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How to do nothing : resisting the attention economy / Jenny Odell.

By: Odell, Jenny (Multimedia artist) [author.].
Material type: materialTypeLabelBookPublisher: Brooklyn : Melville House, [2019]Description: xxiii, 232 pages ; 22 cm.Content type: text Media type: unmediated Carrier type: volumeISBN: 9781612197494 :; 1612197493 :.Subject(s): Information technology -- Social aspects | Reflection (Philosophy) | Attention -- Philosophy | Work -- Philosophy | Arts -- Philosophy | TECHNOLOGY & ENGINEERING / Social Aspects | NATURE / Environmental Conservation & Protection | ART / DigitalDDC classification: 303.48/33 Summary: "A galvanizing critique of the forces vying for our attention--and our personal information--that redefines what we think of as productivity, reconnects us with the environment, and reveals all that we've been too distracted to see about ourselves and our world Nothing is harder to do these days than nothing. But in a world where our value is determined by our 24/7 data productivity. doing nothing may be our most important form of resistance. So argues artist and critic Jenny Odell in this field guide to doing nothing (at least as capitalism defines it). Odell sees our attention as the most precious--and overdrawn--resource we have. Once we can start paying a new kind of attention, she writes, we can undertake bolder forms of political action, reimagine humankind's role in the environment, and arrive at more meaningful understandings of happiness and progress. Far from the simple anti-technology screed, or the back-to-nature meditation we read so often, How to do Nothing is an action plan for thinking outside of capitalist narratives of efficiency and techno-determinism. Provocative, timely, and utterly persuasive, this book is a four-course meal in the age of Soylent"-- Provided by publisher.Summary: "When the technologies we use every day collapse our experiences into 24/7 availability, platforms for personal branding, and products to be monetized, nothing can be quite so radical as . . . doing nothing. Here, Jenny Odell sends up a flare from the heart of Silicon Valley, delivering an action plan to resist capitalist narratives of productivity and techno-determinism, and to become more meaningfully connected in the process"-- Provided by publisher.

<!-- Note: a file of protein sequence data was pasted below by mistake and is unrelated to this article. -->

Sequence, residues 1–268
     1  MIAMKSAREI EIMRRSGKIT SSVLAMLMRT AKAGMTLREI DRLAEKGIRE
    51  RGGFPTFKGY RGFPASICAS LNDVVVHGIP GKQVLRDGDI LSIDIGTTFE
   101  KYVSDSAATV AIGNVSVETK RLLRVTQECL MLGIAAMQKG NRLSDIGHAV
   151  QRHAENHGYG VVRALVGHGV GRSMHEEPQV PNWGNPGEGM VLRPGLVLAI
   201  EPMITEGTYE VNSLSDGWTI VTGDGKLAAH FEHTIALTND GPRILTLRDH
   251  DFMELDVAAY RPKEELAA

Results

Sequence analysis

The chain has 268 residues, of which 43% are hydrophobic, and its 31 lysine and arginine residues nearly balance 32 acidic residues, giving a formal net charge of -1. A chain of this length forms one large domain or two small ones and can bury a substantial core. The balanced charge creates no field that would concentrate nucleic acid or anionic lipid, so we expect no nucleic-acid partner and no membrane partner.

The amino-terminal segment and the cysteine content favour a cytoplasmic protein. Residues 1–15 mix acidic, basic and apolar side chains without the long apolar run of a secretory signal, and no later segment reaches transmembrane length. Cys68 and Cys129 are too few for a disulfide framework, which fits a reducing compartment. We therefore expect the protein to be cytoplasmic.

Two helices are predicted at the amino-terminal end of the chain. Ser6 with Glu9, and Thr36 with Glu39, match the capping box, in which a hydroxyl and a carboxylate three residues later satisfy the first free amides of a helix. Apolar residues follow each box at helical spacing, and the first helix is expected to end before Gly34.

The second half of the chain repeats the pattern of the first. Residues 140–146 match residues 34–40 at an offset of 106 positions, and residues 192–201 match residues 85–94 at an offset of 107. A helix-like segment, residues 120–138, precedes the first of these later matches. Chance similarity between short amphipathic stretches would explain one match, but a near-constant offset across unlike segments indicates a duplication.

List(s) this item appears in: New Adult Non-Fiction
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Item type Current location Call number Status Date due
Adult Non-Fiction Adult Non-Fiction Non-Fiction 303.48 ODE (Browse shelf) Checked out 04/13/2020

Includes bibliographical references (pages 207-218) and index.

"A galvanizing critique of the forces vying for our attention--and our personal information--that redefines what we think of as productivity, reconnects us with the environment, and reveals all that we've been too distracted to see about ourselves and our world Nothing is harder to do these days than nothing. But in a world where our value is determined by our 24/7 data productivity. doing nothing may be our most important form of resistance. So argues artist and critic Jenny Odell in this field guide to doing nothing (at least as capitalism defines it). Odell sees our attention as the most precious--and overdrawn--resource we have. Once we can start paying a new kind of attention, she writes, we can undertake bolder forms of political action, reimagine humankind's role in the environment, and arrive at more meaningful understandings of happiness and progress. Far from the simple anti-technology screed, or the back-to-nature meditation we read so often, How to do Nothing is an action plan for thinking outside of capitalist narratives of efficiency and techno-determinism. Provocative, timely, and utterly persuasive, this book is a four-course meal in the age of Soylent"-- Provided by publisher.

"When the technologies we use every day collapse our experiences into 24/7 availability, platforms for personal branding, and products to be monetized, nothing can be quite so radical as . . . doing nothing. Here, Jenny Odell sends up a flare from the heart of Silicon Valley, delivering an action plan to resist capitalist narratives of productivity and techno-determinism, and to become more meaningfully connected in the process"-- Provided by publisher.

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